A recent analysis of federal and state data by Reuters found that more than one-in-five of the physicians and other health care providers who have been banned from participating in Medicare nonetheless were able to bill state Medicaid programs: Reuters found 1,800 physicians and other health care providers who had been banned from the Medicare program were able to bill a state Medicaid program in 2014.
Reuters was able to obtain incomplete data from 32 U.S. states and the District of Columbia from which it found that the states (and D.C.) paid at least $79 million to 269 providers despite the providers having been banned from Medicare or other states’ Medicaid health care programs. Seventeen states have used Reuters’ analysis to go after 67 providers by terminating their Medicaid participation, by starting efforts to recover payments made to the providers, and/or by instituting investigations of the providers – the 67 providers had been paid a total of at least $874,000 while revoked.
Minnesota is actively attempting to recoup $548,000 from five providers who had been revoked from participating in the Medicare program.
Nevada is making efforts to recover $250,000 from revoked providers.
Georgia terminated an optometrist from participation in its Medicaid program on the same day that the optometrist pleaded guilty to defrauding Medicare (the optometrist allegedly billed Medicare for 177 eye exams that he claimed he performed in a single day). The optometrist is presently serving a 33-month sentence in federal prison. Despite the optometrist’s Medicare problems and termination from Georgia’s Medicaid program, he remained as a provider in South Carolina’s Medicaid program until South Carolina was contacted by Reuters.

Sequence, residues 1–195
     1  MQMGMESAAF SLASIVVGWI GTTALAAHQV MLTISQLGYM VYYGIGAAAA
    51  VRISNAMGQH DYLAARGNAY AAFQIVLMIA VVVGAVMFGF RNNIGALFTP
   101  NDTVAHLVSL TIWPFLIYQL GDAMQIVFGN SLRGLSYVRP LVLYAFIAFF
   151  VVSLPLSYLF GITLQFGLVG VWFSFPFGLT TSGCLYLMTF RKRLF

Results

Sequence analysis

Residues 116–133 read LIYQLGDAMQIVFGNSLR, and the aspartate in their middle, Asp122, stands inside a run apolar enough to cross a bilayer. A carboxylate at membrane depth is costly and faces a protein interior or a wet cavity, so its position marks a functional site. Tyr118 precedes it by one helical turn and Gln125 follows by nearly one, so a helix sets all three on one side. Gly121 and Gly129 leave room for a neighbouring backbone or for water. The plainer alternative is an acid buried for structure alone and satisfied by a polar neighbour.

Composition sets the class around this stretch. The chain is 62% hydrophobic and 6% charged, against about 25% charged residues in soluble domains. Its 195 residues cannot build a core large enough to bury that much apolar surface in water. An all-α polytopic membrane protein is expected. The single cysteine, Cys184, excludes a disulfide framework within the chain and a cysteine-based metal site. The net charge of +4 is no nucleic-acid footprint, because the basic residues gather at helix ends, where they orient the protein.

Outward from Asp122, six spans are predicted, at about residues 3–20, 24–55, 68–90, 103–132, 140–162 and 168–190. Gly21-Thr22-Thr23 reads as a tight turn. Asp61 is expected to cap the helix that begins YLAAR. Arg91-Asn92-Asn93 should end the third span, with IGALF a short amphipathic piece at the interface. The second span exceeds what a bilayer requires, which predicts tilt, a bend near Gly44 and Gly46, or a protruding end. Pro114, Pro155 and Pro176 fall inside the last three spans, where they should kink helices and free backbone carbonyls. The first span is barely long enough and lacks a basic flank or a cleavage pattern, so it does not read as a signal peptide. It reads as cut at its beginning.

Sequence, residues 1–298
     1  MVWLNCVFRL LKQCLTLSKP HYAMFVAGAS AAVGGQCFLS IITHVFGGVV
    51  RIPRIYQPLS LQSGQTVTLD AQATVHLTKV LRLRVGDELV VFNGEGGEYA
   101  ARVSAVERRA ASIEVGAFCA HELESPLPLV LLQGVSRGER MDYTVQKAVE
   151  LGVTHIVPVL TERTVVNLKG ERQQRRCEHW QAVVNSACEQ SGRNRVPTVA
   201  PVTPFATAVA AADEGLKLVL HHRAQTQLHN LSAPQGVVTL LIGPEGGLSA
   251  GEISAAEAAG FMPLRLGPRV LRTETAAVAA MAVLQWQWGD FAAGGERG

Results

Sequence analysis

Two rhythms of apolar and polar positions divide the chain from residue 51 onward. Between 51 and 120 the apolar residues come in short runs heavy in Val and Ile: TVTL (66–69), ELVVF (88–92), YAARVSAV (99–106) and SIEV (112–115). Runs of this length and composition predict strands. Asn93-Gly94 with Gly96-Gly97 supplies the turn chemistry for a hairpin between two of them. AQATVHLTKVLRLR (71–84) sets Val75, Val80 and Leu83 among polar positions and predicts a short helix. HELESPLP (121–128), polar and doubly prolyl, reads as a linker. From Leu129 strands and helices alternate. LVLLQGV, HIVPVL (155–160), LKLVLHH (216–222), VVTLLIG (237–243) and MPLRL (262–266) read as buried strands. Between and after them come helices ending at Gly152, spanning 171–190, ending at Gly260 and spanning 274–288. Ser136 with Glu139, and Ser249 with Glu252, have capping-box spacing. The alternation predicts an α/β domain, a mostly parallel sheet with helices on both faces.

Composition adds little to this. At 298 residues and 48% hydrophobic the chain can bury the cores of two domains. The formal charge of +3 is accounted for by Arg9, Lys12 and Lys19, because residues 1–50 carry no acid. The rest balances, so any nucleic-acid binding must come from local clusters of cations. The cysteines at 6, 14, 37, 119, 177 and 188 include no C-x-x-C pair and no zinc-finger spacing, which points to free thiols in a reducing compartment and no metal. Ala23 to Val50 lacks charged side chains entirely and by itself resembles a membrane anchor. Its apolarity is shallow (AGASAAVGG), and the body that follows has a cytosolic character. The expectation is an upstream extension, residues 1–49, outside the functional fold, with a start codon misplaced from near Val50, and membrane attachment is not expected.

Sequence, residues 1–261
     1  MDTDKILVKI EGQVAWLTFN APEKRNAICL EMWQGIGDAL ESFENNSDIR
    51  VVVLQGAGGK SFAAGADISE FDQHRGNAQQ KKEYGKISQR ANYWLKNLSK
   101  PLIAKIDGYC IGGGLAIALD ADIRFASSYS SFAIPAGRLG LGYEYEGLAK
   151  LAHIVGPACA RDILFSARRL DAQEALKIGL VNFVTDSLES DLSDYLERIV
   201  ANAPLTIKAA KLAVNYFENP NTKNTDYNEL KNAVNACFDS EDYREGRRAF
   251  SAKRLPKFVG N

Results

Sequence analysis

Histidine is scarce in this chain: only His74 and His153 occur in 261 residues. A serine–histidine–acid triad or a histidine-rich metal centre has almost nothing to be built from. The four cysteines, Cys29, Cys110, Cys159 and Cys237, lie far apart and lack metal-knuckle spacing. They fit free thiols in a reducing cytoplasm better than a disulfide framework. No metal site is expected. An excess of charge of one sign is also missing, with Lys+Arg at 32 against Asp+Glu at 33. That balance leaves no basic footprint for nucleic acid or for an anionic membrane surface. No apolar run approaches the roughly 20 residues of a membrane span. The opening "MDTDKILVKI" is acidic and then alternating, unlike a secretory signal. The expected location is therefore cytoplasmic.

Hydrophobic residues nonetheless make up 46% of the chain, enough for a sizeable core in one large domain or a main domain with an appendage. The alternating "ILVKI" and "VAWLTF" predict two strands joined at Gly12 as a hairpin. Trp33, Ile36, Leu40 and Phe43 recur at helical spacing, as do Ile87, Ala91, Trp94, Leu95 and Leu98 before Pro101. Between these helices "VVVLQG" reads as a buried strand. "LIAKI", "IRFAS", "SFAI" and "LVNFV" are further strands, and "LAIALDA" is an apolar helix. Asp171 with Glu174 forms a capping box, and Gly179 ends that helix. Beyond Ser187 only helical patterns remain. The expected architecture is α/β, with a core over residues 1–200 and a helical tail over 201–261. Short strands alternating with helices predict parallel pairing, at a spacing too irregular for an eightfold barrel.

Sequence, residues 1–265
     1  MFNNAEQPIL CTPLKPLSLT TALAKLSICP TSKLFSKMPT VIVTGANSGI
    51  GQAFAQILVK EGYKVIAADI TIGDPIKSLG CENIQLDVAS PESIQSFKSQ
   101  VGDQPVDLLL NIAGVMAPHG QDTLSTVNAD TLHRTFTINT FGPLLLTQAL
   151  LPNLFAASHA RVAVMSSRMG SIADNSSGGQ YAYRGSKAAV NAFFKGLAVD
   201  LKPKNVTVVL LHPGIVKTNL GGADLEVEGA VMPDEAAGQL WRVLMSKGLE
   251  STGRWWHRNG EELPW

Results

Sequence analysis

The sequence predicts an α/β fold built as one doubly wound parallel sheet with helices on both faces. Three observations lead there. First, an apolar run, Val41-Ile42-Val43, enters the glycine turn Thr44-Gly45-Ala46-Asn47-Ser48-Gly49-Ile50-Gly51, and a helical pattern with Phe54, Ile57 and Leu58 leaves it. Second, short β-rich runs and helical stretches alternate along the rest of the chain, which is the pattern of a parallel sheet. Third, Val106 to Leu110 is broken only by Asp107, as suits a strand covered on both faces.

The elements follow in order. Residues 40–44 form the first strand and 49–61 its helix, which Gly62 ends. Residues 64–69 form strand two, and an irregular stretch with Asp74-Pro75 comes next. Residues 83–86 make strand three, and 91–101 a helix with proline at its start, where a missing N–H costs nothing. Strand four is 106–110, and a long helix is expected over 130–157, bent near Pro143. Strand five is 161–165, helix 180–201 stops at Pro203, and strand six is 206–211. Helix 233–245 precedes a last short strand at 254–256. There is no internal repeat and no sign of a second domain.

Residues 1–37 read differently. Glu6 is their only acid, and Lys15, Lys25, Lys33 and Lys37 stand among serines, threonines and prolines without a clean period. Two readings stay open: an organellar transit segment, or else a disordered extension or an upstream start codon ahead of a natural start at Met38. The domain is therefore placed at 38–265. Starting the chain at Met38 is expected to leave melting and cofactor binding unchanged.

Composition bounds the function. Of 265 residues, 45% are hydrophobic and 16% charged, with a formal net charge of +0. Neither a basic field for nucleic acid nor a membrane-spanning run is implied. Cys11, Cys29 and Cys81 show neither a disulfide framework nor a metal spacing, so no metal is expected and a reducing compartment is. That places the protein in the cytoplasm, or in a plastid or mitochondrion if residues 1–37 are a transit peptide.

A Philadelphia physician was able to remain an approved provider in Pennsylvania’s Medicaid program, due to alleged errors in data input, while he was serving a 51-month prison sentence arising out of allegedly receiving $263,000 in illegal payments for referring patients to a home hospice company (the Philadelphia physician received $17,000 from the Pennsylvania Medicaid program between the time of his guilty verdict and the time he began serving his sentence).
An Ohio provider of psychotherapy services pleaded no contest to felony workers’ compensation fraud in June 2011, after which he was revoked from the Medicare program and his Ohio medical license was permanently revoked in 2012. Despite his Ohio conviction and other problems, he continued to participate in the Illinois Medicaid program until February 2012, and Illinois failed to stop payments for services he provided through a company where he worked (Illinois did not terminate payment for his services from its Medicaid program until April 30, 2013 – Illinois’ Medicaid program paid $560,000 for services that he provided and prescriptions he wrote after he was revoked from Medicare).
If you have knowledge of Medicare fraud or Medicaid fraud that has cost the federal health care programs or state health care programs money and you become a whistleblower, your information and efforts in assisting the U.S. or a state to recover the illegal payments may entitle you to monetary compensation.
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